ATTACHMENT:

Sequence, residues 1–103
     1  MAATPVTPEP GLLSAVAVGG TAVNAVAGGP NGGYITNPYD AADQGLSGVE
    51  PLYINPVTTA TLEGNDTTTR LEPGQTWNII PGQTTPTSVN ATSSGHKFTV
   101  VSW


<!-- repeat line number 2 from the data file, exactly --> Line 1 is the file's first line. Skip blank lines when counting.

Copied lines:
     1  MAATPVTPEP GLLSAVAVGG TAVNAVAGGP NGGYITNPYD AADQGLSGVE